Kristen Stewart and ‘Charlie’s Angels’: First critical reactions
The reboot lives in a weird space in today’s media landscape. While we probably don’t need a new Spider-Man, a reboot of a classic property done well can be a good thing. And the 2019 reboot of Charlie’s Angels definitely has people excited.
The Charlie’s Angels reboot, directed by Elizabeth Banks and starring Kristen Stewart, promised to take the premise of the classic 70s series and the early 00s movies in an awesome new direction. The flick, which also stars Naomi Scott and Ella Balinska, hits theaters on Friday, Nov. 15.
Inspired by the eponymous 70s television show, Charlie’s Angels takes the franchise in a new direction. Rather than a lone group of Angels listening to the mysterious Charlie, the Townsend Agency is an international organization. With multiple Bosleys and teams of Angels around the globe, they strive to provide top-notch security and investigative skills to their clients.
When a young engineer (Scott) blows the whistle on a dangerous technology, she joins the Townsend Agency and teams with veteran Angels Sabine (Stewart) and Jane (Balinska) to help save the world.
An international organization of badass lady spies fighting to save the world? James Bond, eat your heart out.
If the trailers and the synopsis, which highlights how much we should all worship at the altar of Kristen Stewart, didn’t sell it for you, then perhaps the critical consensus will. Let’s break down what the critics think about Charlie’s Angels.
What the critics are saying about Charlie’s Angels
Like previous incarnations of Charlie’s Angels on film, critical reaction has been decidedly mixed. As press time, the film is holding a Fresh rating on Rotten Tomatoes with 65%.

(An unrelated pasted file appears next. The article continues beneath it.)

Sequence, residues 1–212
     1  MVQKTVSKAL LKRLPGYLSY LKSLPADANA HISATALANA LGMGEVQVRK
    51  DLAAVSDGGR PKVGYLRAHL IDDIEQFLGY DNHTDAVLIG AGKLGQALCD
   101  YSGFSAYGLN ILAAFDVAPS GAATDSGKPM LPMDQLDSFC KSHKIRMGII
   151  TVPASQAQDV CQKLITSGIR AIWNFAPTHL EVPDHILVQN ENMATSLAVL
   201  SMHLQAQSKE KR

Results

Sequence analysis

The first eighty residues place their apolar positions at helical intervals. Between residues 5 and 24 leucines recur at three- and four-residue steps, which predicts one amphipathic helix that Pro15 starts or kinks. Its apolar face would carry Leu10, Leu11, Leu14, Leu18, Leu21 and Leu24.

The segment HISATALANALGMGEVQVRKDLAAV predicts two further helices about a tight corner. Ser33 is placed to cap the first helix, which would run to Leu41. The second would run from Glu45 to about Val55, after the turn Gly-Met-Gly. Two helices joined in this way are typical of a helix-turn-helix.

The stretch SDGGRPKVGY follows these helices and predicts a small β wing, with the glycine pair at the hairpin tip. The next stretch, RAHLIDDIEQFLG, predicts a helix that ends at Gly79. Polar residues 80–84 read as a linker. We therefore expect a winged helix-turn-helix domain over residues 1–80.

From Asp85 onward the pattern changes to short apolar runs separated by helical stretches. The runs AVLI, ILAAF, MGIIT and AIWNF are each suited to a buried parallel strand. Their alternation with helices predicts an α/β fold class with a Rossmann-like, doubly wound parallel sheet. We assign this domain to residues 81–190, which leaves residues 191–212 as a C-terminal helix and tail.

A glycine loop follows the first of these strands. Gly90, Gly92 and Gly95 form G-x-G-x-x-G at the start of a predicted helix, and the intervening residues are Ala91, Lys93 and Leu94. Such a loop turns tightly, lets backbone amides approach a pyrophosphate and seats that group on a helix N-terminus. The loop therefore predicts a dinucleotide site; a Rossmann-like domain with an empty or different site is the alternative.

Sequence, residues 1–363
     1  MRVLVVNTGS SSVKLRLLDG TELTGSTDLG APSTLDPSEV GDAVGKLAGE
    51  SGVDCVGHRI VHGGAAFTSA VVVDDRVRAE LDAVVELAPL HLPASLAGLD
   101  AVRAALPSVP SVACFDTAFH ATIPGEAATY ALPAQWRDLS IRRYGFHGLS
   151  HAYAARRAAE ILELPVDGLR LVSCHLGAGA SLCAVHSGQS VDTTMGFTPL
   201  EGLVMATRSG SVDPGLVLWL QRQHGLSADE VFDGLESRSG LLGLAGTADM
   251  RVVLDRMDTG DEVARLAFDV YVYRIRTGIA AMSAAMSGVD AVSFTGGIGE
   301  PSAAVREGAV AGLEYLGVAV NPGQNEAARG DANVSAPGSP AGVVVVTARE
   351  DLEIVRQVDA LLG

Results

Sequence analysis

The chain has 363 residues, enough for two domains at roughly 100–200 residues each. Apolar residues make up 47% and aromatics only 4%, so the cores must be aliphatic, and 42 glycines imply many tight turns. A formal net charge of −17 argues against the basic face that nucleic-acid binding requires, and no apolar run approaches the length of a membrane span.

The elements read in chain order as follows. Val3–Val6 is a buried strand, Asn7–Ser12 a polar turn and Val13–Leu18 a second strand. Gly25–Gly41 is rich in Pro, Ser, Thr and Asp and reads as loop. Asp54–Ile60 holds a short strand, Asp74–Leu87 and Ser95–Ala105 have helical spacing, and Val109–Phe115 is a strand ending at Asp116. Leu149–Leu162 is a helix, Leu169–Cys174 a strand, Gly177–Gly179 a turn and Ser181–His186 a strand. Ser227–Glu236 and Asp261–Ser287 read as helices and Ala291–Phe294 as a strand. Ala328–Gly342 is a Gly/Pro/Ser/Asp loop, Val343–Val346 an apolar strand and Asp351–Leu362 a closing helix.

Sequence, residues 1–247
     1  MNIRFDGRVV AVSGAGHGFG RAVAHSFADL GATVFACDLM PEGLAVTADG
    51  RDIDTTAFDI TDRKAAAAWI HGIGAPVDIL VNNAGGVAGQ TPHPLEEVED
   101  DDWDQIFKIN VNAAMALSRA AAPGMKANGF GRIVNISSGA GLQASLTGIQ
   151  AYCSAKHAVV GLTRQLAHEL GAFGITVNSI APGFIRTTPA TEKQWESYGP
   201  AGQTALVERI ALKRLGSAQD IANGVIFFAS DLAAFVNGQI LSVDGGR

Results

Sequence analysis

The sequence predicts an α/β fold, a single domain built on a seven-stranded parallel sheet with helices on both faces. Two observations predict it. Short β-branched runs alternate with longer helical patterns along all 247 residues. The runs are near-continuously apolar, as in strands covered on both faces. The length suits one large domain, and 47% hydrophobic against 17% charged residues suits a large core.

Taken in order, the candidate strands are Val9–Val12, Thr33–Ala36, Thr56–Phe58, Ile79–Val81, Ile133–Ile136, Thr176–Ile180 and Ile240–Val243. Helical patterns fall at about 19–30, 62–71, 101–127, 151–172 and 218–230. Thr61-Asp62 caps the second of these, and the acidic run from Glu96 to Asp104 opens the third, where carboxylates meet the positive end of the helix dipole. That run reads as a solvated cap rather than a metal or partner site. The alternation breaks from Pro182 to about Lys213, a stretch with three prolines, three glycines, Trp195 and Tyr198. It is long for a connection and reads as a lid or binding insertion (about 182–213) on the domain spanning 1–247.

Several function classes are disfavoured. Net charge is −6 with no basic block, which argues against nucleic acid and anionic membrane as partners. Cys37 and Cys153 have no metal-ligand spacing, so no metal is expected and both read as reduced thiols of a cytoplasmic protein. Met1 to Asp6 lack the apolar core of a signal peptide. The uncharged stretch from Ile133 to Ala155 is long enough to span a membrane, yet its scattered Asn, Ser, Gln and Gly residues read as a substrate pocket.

The first go at a Charlie’s Angels film franchise back in 2000, which starred Cameron Diaz, Drew Barrymore, and ageless goddess Lucy Liu, holds a 68%. It’s about the same as previous attempts to make the classic Farrah Fawcett TV series into a film franchise.
Largely, the critical consensus is that Stewart is having the time of her life, a genuine attempt at exploring modern gender politics and empowerment. The drawbacks appear to be direction and script. Banks, who wrote, directed, and acted in film, tried doing everything and apparently didn’t entirely succeed.
“It’s an initial relief to find that Banks hasn’t decided to go the way of so many reboots and bring us a grounded, gritty take on featherlight material, and it’s her awareness of the inherent silliness of the franchise that proves to be one of the film’s saving graces. It’s never taken too seriously, and thus is hard to dislike, a disposable film aware of its own disposability.”
—Benjamin Lee, The Guardian
“A concept in search of a movie, Charlie’s Angels wants to take the venerable franchise in a new direction. The goal is exemplary, the execution nothing to write home about.”
—Kenneth Turan, L.A. Times
“The new Charlie’s Angels is a heavier chunk of escape than any previous “Angels” incarnation — if the early-2000s films were pop, this one is metal. Yet that’s part of its timely appeal.”
—Owen Gleiberman, Variety
“The plot isn’t especially clever or unpredictable (and it relies a bit too hard on a red herring that few viewers are liable to buy), but the story is told with enough flash and energy that it doesn’t really matter.”
—David Ehrlich, IndieWire
While the critics agree that there is something missing to make Charlie’s Angels exceptional, most believe that it’s fun for what the film is. Here are a couple reasons why you should go make Charlie proud by seeing the Angels in actions.
Kristen Stewart is everything
Stewart has tried her hardest to escape the unforgiving shadow of Twilight. While the films have recently been embraced for their camp factor, Stewart just had nothing to work with as Bella Swan. For the most part, the actress has stuck to indie films in which she has truly come into her own as an actress, like former co-star Robert Pattinson. It’s a common path for young actors who blast out of the gate with blockbusters.
Charlie’s Angels, according to critics, is Stewart’s movie; she nails every part of heiress-turned-Angel Sabina. IndieWire’s David Ehrlich, who gave the film a B, called Stewart a new “comedy icon”:
“Known for her sullen performances and fidgety mannerisms, Stewart has always been drawn to low-status parts that contradict her persona and make it difficult to forget who you’re watching.